10,000 Hour Rule

While not specific to animation, the concept of the 10,000 hour rule certainly makes its way through the community, from students, masters, and everyone in between. It’s a perpetual topic for creatives.

The rule, popularized by writer Malcolm Gladwell (my high school art teacher used to read to us from Blink while we mediated…), argues that it takes 10,000 hours for someone to achieve mastery over a particular skill or subject. It’s also often referred to as the ’10 year rule.’ Like any sort of vague creative rule of thumb, there’s plenty of writing both condemning and condoning the idea, and generally its interpretation is simplified and/or misinterpreted to the point of being incorrect.

At the same time, I think with a bit of aforementioned context, it’s still a great jumping off point to discuss bettering oneself.

10,000 Drawings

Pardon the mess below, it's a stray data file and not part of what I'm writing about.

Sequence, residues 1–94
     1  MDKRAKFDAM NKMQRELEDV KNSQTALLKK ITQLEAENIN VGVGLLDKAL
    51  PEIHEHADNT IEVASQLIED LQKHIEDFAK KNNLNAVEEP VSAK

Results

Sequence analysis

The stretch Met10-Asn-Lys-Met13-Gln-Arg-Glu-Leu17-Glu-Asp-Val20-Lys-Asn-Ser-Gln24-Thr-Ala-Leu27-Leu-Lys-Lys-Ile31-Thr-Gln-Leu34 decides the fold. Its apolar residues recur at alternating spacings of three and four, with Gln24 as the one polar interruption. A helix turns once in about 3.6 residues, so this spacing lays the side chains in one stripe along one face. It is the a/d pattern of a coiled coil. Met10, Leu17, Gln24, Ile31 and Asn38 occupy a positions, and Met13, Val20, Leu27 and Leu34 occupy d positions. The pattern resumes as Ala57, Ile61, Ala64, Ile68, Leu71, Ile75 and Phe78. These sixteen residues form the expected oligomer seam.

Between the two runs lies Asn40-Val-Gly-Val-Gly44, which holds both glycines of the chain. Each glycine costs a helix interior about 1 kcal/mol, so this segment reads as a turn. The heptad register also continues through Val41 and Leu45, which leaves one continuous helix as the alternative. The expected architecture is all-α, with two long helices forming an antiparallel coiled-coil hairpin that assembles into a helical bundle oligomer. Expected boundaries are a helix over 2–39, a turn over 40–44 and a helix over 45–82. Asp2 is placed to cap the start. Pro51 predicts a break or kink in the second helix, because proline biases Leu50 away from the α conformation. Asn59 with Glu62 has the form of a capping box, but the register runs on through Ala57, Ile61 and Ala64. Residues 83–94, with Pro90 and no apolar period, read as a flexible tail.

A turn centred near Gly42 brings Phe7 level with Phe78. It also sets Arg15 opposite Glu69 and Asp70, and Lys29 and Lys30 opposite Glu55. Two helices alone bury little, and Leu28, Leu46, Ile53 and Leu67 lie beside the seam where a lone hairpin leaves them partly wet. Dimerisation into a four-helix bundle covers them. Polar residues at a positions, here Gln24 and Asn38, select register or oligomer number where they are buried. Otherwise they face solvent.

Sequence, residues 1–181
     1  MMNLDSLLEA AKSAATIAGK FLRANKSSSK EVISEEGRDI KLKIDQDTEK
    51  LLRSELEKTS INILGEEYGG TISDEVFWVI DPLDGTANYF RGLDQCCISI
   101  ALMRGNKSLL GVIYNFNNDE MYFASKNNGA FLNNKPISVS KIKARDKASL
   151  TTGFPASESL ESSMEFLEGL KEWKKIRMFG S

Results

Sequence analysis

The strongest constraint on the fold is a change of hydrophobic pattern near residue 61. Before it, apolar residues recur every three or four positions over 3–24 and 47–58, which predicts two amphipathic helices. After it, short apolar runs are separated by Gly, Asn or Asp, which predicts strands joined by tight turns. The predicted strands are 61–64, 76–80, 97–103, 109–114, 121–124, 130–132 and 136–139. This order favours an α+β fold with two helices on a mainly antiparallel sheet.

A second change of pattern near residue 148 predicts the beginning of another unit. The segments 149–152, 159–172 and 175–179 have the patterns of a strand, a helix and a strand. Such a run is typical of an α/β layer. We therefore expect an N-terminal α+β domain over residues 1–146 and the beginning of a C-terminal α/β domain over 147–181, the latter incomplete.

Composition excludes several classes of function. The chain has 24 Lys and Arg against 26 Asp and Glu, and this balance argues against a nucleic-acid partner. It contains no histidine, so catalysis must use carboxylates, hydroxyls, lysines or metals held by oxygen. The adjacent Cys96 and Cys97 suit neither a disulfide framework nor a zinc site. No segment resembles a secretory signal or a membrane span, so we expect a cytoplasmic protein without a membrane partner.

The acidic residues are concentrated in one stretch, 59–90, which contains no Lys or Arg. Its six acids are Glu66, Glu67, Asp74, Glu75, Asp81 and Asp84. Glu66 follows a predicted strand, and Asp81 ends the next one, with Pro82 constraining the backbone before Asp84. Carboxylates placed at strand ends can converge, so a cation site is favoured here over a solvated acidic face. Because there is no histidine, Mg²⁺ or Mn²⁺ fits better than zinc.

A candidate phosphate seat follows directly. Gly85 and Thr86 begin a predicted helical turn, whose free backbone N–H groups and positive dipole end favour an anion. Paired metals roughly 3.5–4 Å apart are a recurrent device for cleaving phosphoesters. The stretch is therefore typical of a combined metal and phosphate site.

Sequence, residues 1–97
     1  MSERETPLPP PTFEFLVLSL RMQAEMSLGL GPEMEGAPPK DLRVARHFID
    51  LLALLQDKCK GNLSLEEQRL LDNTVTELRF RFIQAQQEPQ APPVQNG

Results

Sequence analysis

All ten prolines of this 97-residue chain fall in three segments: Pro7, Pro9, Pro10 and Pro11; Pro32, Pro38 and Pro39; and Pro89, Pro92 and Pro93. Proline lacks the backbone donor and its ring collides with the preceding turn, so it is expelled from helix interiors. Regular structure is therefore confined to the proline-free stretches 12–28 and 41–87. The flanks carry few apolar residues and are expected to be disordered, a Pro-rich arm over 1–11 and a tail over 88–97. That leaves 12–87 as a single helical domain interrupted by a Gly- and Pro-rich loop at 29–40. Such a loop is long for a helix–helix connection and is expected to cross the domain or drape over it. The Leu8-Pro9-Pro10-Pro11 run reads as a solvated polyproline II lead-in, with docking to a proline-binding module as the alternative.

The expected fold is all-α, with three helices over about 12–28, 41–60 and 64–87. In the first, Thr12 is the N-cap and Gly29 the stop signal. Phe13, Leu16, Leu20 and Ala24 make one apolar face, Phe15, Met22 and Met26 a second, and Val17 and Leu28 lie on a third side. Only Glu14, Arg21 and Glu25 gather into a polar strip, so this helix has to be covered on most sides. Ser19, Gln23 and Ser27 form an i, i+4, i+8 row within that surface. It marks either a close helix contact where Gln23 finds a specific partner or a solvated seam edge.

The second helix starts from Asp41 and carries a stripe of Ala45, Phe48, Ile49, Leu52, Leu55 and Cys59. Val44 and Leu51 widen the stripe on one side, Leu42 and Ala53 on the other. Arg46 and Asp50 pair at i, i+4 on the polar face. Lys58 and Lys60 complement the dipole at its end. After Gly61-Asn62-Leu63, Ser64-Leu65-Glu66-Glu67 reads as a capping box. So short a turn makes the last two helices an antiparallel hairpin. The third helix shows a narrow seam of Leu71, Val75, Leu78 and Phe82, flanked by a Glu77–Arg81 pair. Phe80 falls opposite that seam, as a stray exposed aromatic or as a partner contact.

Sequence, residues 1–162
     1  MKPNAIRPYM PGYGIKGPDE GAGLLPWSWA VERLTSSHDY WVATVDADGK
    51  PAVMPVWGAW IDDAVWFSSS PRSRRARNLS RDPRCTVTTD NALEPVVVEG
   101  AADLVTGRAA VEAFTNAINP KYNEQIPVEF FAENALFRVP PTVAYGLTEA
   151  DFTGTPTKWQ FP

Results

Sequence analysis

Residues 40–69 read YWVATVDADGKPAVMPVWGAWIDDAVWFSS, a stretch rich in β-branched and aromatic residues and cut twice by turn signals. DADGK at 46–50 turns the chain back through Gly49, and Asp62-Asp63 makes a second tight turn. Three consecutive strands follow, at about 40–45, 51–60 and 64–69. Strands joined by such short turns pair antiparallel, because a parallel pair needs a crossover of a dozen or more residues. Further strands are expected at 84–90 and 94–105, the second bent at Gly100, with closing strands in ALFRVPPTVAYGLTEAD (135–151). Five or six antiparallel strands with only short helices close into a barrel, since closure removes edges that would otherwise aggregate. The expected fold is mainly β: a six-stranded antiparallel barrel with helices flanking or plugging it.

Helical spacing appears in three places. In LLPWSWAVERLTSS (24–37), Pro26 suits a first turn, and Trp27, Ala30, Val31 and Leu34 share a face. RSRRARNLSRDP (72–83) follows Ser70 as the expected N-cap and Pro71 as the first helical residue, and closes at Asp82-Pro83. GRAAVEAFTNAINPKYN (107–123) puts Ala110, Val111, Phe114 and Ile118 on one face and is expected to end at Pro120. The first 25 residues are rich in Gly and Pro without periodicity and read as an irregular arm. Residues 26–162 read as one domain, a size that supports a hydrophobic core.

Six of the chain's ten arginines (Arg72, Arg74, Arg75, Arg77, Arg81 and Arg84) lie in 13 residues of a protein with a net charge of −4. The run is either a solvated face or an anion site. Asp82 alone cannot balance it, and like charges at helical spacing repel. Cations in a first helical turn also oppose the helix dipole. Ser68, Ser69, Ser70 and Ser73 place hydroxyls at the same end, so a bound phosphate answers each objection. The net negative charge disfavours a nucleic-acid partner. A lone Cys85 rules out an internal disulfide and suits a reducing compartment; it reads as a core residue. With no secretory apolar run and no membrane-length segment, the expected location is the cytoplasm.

There is a popular quote in the animation industry that certainly runs adjacent to this sentiment.

We all have 10,000 bad drawings in us. The sooner we get them out the better.

Walt Stanchfield

Walt Stanchfield is most famous for his time as a Disney animator, teaching others. He, along with Eric Larson were responsible for creating the training program at the studios in the 70s that brought up many of the artists who went on to play pivotal roles at Pixar and Disney during the 90s. For the longest time, the bulk of Stanchfield’s lectures were passed around as photocopies, but later were bundled into two published volumes, Drawn to Life Volumes 1 and Volume 2, that have become staples of any animation student’s library.